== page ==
Last week Seattle Weekly's Keegan Hamilton posted to Daily Weekly about the case of Mark Rahner, the ex-Seattle Times reporter and current comic book writer who is suing his former employer, claiming he was unfairly fired after he refused to work a night shift.
Rahner filed a lawsuit last week in Western Washington federal court under the Americans With Disabilities Act. According to court documents, he suffers from Chronic Fatigue Syndrome, or CFS, an obscure illness that "affects the body's rational response to stress."
"CFS is episodic in nature and, when active, interferes with most major life activities," Rahner's attorney Caitlin DiMatta writes. "There is no known cure for CFS or known symptom suppressors or elevators."
Rahner got his start with the Times in 1999, and, according to court documents, he was not diagnosed with CFS until 2009. At that point, he was working a standard eight-hour shift that officially began at 9 a.m., but varied depending on the day's news. He claims his illness--defined by the U.S. National Library of Medicine as "severe, continued tiredness that is not relieved by rest and is not directly caused by other medical conditions"--caused him to show up an hour or two late on more than one occaison.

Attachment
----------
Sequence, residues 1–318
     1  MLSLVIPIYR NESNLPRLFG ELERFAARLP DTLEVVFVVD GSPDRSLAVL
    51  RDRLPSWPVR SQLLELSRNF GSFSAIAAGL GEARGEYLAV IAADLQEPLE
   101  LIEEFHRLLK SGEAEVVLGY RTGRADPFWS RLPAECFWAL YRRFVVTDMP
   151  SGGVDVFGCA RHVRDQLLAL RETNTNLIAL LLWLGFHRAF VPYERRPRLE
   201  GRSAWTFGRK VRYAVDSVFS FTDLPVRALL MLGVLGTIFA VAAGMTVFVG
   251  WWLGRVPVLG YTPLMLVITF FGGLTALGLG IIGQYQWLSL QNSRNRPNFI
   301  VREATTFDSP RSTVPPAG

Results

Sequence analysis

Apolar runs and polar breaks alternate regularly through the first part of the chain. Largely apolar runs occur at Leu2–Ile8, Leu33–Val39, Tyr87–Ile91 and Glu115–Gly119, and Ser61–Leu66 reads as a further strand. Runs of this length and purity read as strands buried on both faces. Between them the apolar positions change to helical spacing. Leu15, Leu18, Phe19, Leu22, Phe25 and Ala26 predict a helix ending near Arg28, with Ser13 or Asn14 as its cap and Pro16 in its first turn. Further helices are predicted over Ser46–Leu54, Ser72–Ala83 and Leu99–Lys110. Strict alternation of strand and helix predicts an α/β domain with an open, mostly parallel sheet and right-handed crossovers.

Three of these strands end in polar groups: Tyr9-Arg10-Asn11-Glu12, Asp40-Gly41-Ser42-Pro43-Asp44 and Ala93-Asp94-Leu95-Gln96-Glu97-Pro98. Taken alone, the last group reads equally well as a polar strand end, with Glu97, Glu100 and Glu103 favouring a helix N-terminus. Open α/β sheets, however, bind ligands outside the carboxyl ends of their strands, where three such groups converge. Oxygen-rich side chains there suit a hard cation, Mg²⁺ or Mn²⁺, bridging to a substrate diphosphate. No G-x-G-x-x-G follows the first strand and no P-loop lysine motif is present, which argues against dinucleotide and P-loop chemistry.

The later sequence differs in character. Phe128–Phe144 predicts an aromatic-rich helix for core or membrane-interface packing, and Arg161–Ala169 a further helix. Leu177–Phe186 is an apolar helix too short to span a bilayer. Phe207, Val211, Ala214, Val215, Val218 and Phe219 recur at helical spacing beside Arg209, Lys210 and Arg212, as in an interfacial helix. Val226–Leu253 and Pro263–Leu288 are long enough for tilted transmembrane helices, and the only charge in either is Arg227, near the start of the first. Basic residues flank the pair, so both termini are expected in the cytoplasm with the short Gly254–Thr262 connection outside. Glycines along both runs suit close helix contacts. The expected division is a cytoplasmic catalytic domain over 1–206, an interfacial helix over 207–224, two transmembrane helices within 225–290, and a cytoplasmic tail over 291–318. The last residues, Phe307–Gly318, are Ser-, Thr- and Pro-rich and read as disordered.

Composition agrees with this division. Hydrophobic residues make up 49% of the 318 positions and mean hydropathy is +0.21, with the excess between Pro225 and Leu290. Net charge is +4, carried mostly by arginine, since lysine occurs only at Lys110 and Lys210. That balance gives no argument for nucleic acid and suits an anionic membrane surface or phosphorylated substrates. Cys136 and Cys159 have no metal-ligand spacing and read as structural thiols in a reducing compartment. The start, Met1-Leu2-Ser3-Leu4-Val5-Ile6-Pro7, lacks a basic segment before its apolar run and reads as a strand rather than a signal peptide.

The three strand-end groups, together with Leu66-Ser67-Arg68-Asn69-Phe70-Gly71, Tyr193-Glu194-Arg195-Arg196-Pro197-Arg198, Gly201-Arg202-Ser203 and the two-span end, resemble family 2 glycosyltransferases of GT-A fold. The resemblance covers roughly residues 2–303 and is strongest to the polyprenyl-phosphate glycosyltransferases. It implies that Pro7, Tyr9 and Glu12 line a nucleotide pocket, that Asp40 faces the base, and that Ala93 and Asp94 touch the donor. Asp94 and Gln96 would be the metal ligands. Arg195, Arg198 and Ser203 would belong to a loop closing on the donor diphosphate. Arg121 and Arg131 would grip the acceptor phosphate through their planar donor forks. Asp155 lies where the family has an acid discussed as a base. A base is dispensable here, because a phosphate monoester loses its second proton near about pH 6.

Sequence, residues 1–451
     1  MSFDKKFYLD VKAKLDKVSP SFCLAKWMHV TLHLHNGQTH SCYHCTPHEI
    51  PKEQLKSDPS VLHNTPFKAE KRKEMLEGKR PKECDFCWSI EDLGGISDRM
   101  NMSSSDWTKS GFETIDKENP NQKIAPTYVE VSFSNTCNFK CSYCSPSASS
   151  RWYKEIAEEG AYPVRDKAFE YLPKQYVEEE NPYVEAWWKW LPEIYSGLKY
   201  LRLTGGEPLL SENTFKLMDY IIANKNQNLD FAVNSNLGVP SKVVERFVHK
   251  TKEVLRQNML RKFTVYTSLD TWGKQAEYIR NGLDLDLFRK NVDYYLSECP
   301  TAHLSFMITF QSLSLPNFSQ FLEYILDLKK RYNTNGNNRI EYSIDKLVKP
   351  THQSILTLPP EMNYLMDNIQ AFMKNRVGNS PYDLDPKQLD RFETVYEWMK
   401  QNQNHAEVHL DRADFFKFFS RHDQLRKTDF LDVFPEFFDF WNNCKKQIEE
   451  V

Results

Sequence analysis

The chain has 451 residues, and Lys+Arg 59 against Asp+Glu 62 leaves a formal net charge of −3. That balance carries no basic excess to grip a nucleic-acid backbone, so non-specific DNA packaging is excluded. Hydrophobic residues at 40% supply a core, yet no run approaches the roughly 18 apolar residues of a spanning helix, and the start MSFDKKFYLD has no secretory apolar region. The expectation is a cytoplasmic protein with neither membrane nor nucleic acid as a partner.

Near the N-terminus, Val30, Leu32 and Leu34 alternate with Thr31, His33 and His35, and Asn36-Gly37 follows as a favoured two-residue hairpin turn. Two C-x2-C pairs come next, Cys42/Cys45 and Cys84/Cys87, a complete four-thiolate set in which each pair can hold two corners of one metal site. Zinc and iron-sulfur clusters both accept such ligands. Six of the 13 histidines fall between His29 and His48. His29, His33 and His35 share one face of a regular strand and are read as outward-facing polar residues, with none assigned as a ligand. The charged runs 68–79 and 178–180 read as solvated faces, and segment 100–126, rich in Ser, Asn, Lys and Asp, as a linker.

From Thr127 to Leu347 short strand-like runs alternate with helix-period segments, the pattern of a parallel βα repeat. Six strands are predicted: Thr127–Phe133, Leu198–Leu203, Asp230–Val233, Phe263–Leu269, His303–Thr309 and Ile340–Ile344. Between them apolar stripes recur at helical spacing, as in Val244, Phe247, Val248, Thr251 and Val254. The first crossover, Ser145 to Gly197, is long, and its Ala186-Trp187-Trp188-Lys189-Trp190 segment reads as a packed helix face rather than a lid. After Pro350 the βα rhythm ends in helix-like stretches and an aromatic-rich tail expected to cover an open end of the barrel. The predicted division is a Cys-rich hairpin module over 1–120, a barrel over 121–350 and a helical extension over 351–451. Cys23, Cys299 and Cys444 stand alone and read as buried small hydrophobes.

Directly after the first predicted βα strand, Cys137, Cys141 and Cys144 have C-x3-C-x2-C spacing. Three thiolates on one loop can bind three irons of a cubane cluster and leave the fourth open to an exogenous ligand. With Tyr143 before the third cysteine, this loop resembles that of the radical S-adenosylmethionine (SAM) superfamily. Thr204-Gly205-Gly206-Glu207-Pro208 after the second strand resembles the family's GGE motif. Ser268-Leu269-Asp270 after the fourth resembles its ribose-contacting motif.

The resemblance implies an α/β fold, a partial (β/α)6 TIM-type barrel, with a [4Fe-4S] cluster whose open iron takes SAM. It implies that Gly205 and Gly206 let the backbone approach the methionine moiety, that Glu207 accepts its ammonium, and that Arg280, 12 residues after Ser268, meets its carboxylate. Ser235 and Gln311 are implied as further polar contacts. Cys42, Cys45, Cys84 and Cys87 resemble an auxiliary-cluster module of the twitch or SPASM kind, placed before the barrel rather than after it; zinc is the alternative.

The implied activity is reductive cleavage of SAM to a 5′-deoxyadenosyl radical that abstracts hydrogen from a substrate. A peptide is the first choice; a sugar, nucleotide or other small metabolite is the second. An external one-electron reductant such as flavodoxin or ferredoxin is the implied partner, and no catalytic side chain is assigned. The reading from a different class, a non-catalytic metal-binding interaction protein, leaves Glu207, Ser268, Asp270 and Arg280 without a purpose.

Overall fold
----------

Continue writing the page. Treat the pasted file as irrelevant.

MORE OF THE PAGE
According to Rahner, the late arrivals irked his supervisor, metro desk editor Mark Higgins, who "publicly criticized, denigrated, and humiliated [Rahner] about his tardiness, and his medical condition in front of other Seattle Times staff." In spring of 2010, Rahner says he requested a more flexible schedule, akin to that enjoyed by some of his colleagues, but was instead reassigned to a demanding night shift that stretched from 3 to 11 p.m.
Hamilton's post inspired commenter grace to chime in, writing:
I don't know Mark, but I do have CFS. I wouldn't begin to describe the illness in terms of being "tired". I would call it permanent exhaustion. There are other health complications associated with it, as well. Aside from whatever Mark's personality quirks may be, this is a seriously devastating illness that I wouldn't wish on anyone. I hope that Mark seeks medical treatment from practitioners who are educated about the disease. I also hope that he might consider helping educate the public about the illness, should he find the stamina to do so. "Chronic fatigue syndrome" is a term that doesn't begin to describe the effects of the illness.